(Here’s an interview with composer John Williams that I wrote for England’s Gramophone magazine back in 2005. Richard Kaufman conducts Pacific Symphony in Williams’s Oscar-winning score to “E.T. The Extra-Terrestrial” for a screening of the film Saturday night. Tickets here.)
By TIMOTHY MANGAN
It must have been a proud moment for the young John Williams – the red carpet premiere of William Wyler’s How to Steal a Million at the Egyptian Theater in 1966. It was one of the composer’s first major film scores. Walking out afterwards, there stood Mr and Mrs Igor Stravinsky two couples ahead, and Williams’s wife, Barbara, encouraged him to introduce himself. But Williams was terrified, he recalled recently. ‘I was convinced that he probably would have said to me, “So you’re responsible for the rubbish I just heard for these two hours.”’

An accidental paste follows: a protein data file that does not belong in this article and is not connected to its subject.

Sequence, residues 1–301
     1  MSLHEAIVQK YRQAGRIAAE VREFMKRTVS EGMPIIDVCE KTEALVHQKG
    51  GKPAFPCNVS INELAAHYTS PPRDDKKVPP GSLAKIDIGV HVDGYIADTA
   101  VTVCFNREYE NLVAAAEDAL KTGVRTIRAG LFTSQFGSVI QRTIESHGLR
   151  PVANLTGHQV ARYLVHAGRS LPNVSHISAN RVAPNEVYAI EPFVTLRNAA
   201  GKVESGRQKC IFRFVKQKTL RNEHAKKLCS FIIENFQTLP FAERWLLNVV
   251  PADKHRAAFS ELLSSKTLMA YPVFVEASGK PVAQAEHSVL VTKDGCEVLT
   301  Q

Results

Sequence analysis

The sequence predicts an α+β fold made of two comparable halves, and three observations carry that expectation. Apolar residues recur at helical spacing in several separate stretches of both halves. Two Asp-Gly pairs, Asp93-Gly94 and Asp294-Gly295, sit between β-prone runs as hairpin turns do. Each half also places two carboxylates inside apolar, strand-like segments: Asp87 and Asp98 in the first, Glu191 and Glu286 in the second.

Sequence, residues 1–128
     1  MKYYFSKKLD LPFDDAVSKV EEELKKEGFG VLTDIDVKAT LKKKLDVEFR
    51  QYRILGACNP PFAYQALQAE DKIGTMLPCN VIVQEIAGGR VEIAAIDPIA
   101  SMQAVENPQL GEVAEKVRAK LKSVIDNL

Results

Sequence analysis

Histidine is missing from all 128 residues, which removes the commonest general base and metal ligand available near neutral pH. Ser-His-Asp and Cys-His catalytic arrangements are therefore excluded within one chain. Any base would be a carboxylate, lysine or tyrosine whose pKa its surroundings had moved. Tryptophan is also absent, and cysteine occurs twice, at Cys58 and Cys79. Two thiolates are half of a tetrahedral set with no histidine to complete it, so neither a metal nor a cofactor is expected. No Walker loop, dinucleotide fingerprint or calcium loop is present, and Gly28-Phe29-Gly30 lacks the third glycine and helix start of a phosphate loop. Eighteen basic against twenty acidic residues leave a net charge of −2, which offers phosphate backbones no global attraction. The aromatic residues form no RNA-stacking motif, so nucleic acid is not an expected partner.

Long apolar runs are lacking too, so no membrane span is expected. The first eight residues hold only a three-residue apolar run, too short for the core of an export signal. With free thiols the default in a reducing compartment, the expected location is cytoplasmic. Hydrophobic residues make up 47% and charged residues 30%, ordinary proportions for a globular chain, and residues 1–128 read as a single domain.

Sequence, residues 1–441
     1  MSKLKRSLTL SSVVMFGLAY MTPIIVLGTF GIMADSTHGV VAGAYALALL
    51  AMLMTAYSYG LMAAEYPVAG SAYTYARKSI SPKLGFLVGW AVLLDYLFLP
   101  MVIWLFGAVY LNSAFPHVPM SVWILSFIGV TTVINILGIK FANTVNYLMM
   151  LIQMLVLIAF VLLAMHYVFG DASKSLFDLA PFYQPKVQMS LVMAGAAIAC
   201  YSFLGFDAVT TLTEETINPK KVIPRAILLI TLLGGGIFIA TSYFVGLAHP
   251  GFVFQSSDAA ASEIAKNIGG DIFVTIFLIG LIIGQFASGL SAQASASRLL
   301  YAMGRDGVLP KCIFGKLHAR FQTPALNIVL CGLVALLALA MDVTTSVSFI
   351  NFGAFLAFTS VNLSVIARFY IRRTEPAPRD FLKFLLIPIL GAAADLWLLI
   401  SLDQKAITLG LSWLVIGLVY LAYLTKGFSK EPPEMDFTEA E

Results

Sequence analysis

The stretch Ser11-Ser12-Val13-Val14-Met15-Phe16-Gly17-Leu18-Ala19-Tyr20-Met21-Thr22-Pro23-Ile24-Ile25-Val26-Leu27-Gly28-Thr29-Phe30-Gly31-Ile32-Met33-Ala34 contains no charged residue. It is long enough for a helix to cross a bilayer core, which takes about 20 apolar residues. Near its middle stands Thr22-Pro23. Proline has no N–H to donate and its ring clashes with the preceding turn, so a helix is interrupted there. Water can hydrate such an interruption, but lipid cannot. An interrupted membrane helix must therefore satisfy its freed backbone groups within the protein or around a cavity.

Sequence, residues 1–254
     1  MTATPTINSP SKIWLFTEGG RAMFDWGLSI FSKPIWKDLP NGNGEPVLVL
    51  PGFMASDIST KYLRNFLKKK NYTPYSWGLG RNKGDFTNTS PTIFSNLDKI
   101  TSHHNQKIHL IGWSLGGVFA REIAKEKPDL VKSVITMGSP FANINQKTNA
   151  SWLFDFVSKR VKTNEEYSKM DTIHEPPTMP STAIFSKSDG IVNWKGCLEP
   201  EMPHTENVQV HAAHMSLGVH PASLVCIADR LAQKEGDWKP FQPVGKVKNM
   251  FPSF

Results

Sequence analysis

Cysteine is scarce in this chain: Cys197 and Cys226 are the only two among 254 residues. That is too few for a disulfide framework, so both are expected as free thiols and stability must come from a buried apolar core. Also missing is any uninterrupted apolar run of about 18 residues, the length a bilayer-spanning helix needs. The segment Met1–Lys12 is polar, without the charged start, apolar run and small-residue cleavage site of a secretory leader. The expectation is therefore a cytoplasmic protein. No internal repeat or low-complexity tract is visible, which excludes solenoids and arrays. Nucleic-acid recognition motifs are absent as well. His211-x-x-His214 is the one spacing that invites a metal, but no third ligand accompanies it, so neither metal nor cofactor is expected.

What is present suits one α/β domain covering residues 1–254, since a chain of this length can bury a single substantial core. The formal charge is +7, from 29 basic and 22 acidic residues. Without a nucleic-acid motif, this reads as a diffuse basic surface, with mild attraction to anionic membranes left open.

Things are different now, but Williams is still a modest person. Sitting down to an interview in a faux-rustic (this is Hollywood, after all) meeting room at DreamWorks’ offices on the Universal Studios back lot, the man who never met Stravinsky had just received his 44th and 45th Academy Award nominations, for the film scores to Munich and Memoirs of a Geisha. He pronounces himself delighted, a sliver of a smile lightening his features.
‘It’s not something that you get used to, or that has happened so much that it’s not a kick or a thrill.’ Williams (though he didn’t win this year) is now tied in second place, behind Walt Disney, for the most Oscar nominations with composer Alfred Newman, who, as it happens, first hired young ‘Johnny’ Williams as an orchestrator in the 1950s at 20th Century Fox.